I come from a big Indian family, where meal times are loud, chaotic affairs.
If you think Jesus could feed the masses with fives loaves of bread and two fish then you haven’t met my mother. She can put together a dinner for large numbers of people in an insanely short period of time and will always triple the quantities to make sure that the table creaks under the weight of the food and no one goes home hungry.
Where I come from lots of food equals tons of hospitality. Food is not something to analyse – it’s there to be eaten. There was just one rule to follow – if you’ve taken it, you eat it. And if you didn’t, you were subjected to the “think about the starving children in India” speech.
So I was wholly unprepared for all this to get turned on its head when I came to Switzerland ten years ago.
In this country it is not the quantity of food on offer that matters. So it is widely acceptable to invite people over for a cheese fondue, where the only two ingredients on offer are melted cheese and bread. Needless to say my mother almost passed out when she first heard that we were serving only this to our dinner guests one evening.
When you’re not having a fondue, meals come in courses and wine is ‘paired’ with dinners and desserts. And if the wine is corked (it took me a few years to learn how to detect this) it is sent back to where it came from – even if it is in your own house. I soon learnt that what is considered rude in one country is regarded as good taste in another.
And yes, Swiss precision also spills over into the kitchen, particularly when cooking a piece of meat, which is studied before cooking and then studied some more when it’s on your plate. Cooking times and temperatures can take up a lot of conversation at a dinner table in Switzerland.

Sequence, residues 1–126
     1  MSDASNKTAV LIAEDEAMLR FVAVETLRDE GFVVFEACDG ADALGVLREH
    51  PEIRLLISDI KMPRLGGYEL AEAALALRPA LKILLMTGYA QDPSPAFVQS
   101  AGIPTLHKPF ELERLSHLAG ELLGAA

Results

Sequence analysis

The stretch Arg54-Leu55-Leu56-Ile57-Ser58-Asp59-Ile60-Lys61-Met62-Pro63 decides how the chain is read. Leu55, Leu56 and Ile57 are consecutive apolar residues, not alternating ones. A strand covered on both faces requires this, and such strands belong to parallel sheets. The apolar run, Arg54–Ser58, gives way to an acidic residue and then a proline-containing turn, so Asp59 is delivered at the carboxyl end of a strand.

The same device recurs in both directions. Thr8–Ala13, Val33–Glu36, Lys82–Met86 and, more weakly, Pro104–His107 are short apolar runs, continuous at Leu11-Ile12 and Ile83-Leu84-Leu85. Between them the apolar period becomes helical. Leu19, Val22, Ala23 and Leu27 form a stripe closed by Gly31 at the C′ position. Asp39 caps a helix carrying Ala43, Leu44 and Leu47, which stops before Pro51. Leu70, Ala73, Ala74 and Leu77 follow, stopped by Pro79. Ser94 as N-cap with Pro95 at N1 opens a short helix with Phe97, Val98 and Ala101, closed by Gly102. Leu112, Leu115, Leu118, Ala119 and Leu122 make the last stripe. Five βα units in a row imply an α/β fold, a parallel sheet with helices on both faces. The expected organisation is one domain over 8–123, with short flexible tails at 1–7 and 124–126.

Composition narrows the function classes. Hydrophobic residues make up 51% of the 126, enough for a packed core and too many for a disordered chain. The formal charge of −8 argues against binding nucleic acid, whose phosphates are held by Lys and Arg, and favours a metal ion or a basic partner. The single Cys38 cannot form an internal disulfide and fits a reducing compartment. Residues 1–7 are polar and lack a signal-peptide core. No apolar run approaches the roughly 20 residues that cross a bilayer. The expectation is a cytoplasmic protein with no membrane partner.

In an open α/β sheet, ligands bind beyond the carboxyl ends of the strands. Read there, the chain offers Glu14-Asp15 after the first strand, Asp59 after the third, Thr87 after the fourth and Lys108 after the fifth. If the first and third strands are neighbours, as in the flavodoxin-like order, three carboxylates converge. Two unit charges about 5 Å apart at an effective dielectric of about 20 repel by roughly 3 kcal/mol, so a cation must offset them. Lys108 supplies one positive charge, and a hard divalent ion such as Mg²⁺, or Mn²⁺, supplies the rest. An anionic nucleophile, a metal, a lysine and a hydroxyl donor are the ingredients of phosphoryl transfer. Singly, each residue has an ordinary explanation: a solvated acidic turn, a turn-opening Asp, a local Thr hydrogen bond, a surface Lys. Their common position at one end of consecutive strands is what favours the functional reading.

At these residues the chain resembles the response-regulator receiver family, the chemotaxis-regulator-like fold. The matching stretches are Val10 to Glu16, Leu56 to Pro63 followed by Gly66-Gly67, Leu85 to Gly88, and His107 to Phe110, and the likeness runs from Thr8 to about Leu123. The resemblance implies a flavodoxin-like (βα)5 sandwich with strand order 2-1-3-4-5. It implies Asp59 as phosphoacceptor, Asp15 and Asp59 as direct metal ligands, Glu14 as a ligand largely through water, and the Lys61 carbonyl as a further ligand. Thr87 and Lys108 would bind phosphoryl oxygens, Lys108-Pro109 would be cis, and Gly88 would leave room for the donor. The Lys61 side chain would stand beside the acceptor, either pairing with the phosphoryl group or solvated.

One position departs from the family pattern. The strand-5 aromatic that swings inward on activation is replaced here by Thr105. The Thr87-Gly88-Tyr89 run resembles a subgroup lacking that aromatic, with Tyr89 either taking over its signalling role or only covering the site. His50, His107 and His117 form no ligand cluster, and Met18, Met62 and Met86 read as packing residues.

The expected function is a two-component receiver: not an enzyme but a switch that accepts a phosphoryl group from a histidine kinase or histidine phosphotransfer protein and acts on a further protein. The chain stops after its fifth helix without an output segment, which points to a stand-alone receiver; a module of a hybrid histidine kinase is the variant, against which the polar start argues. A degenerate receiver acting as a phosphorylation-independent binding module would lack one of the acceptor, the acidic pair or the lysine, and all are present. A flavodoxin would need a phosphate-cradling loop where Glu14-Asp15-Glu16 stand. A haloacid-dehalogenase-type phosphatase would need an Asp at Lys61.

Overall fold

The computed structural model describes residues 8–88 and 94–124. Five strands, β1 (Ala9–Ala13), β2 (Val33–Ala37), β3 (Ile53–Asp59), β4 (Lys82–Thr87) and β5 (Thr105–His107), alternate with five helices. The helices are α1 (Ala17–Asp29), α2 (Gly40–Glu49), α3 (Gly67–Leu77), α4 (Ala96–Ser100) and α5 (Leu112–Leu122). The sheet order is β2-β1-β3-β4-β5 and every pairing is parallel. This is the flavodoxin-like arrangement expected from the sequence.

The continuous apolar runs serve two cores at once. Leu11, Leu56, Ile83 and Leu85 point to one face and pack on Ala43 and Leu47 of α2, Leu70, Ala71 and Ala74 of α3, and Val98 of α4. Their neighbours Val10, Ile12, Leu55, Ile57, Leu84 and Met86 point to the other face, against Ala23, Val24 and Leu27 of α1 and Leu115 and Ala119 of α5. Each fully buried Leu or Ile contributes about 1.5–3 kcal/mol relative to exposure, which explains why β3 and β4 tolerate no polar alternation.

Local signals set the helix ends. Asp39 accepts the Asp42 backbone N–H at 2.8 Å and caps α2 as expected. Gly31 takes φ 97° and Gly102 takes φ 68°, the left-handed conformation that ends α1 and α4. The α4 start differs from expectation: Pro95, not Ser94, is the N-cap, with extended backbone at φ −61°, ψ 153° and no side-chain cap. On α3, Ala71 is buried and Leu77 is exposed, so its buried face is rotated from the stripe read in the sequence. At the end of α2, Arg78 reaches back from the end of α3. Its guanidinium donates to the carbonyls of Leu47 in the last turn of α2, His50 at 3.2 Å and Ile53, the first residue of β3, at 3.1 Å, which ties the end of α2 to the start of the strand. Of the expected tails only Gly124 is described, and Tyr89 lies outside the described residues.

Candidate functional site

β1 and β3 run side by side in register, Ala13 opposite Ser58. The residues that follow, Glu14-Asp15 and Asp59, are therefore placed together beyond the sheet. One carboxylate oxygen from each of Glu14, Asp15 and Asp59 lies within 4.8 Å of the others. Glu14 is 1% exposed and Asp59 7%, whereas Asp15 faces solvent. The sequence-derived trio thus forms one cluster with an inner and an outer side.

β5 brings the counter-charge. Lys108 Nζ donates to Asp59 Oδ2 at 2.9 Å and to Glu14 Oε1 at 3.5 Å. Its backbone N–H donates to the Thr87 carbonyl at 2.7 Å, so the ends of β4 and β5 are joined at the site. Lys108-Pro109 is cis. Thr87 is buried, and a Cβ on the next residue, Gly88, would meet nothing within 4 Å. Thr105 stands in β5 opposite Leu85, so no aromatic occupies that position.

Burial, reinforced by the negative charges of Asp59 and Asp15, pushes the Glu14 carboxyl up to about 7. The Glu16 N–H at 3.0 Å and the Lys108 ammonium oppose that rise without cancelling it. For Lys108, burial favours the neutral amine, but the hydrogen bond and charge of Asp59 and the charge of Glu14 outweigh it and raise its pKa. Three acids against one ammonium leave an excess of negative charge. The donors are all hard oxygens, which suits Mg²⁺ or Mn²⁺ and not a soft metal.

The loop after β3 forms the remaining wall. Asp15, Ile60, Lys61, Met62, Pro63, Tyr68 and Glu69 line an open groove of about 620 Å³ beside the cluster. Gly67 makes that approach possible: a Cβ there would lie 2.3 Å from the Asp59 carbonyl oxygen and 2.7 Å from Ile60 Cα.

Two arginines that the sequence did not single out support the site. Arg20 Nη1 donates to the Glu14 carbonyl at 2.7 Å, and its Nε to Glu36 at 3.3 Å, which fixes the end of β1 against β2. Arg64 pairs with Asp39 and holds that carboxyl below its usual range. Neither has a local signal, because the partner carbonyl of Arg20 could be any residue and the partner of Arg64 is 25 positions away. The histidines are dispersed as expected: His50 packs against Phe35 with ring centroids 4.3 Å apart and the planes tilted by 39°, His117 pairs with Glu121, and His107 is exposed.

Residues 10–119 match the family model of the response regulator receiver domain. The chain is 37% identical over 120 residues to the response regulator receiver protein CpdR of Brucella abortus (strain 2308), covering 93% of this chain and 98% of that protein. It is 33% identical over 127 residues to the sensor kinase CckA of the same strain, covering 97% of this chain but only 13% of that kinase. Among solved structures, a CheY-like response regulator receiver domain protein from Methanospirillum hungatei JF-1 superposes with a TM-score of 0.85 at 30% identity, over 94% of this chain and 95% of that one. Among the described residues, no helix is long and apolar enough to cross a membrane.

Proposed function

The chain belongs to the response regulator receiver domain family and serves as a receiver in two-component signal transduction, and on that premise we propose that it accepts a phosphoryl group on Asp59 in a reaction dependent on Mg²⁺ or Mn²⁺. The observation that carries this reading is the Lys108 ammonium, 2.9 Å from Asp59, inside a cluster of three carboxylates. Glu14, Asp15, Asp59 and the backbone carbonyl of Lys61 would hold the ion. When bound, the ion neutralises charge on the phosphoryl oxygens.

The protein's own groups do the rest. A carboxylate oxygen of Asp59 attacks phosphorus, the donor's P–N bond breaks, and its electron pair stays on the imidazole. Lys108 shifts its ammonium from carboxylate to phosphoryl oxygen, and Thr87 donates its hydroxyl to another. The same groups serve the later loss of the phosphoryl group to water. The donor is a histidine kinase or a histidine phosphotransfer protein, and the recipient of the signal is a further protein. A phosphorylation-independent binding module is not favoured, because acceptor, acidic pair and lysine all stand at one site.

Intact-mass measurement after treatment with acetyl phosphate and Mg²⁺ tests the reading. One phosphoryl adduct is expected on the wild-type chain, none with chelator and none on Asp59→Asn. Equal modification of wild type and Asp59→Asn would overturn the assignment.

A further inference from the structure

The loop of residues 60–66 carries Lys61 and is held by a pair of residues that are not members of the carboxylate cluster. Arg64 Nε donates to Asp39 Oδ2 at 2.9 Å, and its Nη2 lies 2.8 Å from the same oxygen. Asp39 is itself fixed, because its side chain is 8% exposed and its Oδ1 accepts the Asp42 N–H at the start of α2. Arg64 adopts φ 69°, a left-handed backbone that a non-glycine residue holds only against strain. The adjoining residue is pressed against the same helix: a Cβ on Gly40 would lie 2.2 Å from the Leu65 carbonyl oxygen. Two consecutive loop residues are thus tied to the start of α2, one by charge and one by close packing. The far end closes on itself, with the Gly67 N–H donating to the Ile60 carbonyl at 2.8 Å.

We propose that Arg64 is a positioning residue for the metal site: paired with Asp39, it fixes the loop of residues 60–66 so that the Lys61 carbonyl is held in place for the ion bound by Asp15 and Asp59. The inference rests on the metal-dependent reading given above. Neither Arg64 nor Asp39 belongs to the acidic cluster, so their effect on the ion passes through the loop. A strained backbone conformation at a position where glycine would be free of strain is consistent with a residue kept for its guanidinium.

If you’ve cooked a meal featuring too much cauliflower and have placed it on a white plate, you need to know to throw in some broccoli for colour. Colour – particularly a balance of colour on your plate – is important because when you eat, you also eat with your eyes.
But it was these two golden rules that were the most difficult to remember:
- Don’t begin eating before you’ve wished everyone a ‘Bon Appetite’
- Don’t even think of taking in any wine until you have wished everyone at the table good health as you look them straight in the eye while you clink your glass with theirs.
As a new bride, trying to make a good impression on my in-laws and my husband’s friends, I found all this mealtime etiquette extremely overwhelming.
More than 10 years and many meals later, I find myself rather enjoying all the fuss and I’ve realised that food is often the way people around the world choose to love and affection towards each other.
An Indian mother, grandmother or aunt spends hours in the kitchen slaving over the most labourious of recipes because they’re pleased to have you among them. A Swiss German mother will fuss over a piece of meat until it is cooked to perfection because the people coming over for dinner are important to her.
I’ve also learnt that there is comfort in ritual and the act of coming together – even around a single pot of melted cheese – is pleasurable especially after a long day or week of work. It’s one of the few moments during the day when you can really take a load off and have a relaxed conversation with other people.
And yes, I will even admit that food that is beautifully presented is so much lovelier to eat than slop on a plate. And when it is paired with the perfect bottle of wine, there’s some kind of magic that happens in your soul.
It almost makes me want to get into the kitchen some more…